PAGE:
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Electric displacement field



In physics, the electric displacement field or electric induction[citation needed] is a vector field \mathbf{D} that appears in Maxwell's equations. It accounts for the effects of unbound charges within materials. "D" stands for "displacement," as in the related concept of displacement current in dielectrics.

Additional recommended knowledge

Definition

In general, D is defined by the relation

\mathbf{D} = \varepsilon_{0} \mathbf{E} + \mathbf{P}

where E is the electric field, \varepsilon_{0} is the vacuum permittivity, and P is the polarization density of the material.

If P can be written as a linear function of E, which is the case in most materials, it can be written as

\mathbf{P} = \chi \varepsilon_{0} \mathbf{E},

and by

\mathbf{D} = \varepsilon_{0} \mathbf{E} + \mathbf{P} = \varepsilon_{0}(1 + \chi) \mathbf{E} \equiv \varepsilon \mathbf{E}

it yields

\mathbf{D} = \varepsilon \mathbf{E}

where \varepsilon is the permittivity of the material. In linear isotropic media this will be a constant, and in linear anisotropic media it will be a rank 2 tensor (a matrix). χ is called the electric susceptibility.

Displacement field in a capacitor

Consider an infinite parallel plate capacitor placed in space (or in a medium) with no free charges present except on the capacitor. In SI units, the charge density on the plates is equal to the value of the D field between the plates. This follows directly from Gauss's law, by integrating over a small rectangular box straddling both plates of the capacitor:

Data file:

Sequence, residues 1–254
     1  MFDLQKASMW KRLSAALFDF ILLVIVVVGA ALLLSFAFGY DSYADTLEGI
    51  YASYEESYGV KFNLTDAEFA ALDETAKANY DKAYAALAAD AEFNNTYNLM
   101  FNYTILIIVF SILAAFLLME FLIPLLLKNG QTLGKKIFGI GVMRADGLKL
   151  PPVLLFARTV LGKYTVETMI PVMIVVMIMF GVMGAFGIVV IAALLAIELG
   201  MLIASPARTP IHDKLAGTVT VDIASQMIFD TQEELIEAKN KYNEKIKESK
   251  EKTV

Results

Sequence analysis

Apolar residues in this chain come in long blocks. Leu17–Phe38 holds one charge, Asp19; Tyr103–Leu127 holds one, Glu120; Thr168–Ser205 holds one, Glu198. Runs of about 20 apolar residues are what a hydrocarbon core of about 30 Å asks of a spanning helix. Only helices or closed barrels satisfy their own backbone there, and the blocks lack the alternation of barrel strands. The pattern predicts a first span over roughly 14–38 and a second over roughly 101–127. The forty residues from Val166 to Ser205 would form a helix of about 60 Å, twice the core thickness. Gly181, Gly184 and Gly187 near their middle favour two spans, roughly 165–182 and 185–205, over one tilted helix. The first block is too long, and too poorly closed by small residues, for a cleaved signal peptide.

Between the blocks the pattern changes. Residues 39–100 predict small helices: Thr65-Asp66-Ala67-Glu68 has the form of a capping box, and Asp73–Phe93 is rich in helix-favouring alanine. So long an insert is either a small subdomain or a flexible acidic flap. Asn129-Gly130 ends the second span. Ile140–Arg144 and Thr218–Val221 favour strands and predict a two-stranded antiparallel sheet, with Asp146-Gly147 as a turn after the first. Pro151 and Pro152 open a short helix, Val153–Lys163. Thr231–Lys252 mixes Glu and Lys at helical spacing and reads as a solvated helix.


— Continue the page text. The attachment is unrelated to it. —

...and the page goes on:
\oint_A \mathbf{D} \cdot d\mathbf{A} = Q

On the sides of the box, d\mathbf{A} is perpendicular to the field, so that part of the integral is zero, leaving, for the space inside the capacitor where the effect of the two plates adds:

|\mathbf{D}| = \frac{Q}{A}

which is the charge density on the plate. Outside the capacitor, the two plates effect compensate each other and |\mathbf{D}| = 0.

Units

In the standard SI system of units D is measured in coulombs per square meter (C/m²).

This choice of units results in one of the simplest forms of the Ampère-Maxwell equation:

\nabla \times \mathbf{H} = \mathbf{J} + \frac{\partial \mathbf{D}}{\partial t}

If one chooses both B and H to be measured in teslas, and E and D to be measured in newtons per coulomb, then the formula is modified to be:

\nabla \times \mathbf{H} = \mu_0 \mathbf{J} + \frac{1}{c^2} \frac{\partial \mathbf{D}}{\partial t}

Therefore it is seen as being preferential to express B & H, and E & D in different sets of units.

Choice of units has differed in history, for instance in the electromagnetic system of scientific units, in which the unit of charge is defined so that 1 / 4\pi\varepsilon_0 = 1 (dimensionless), E and D are expressed in the same units.

 
This article is licensed under the GNU Free Documentation License. It uses material from the Wikipedia article "Electric_displacement_field". A list of authors is available in Wikipedia.
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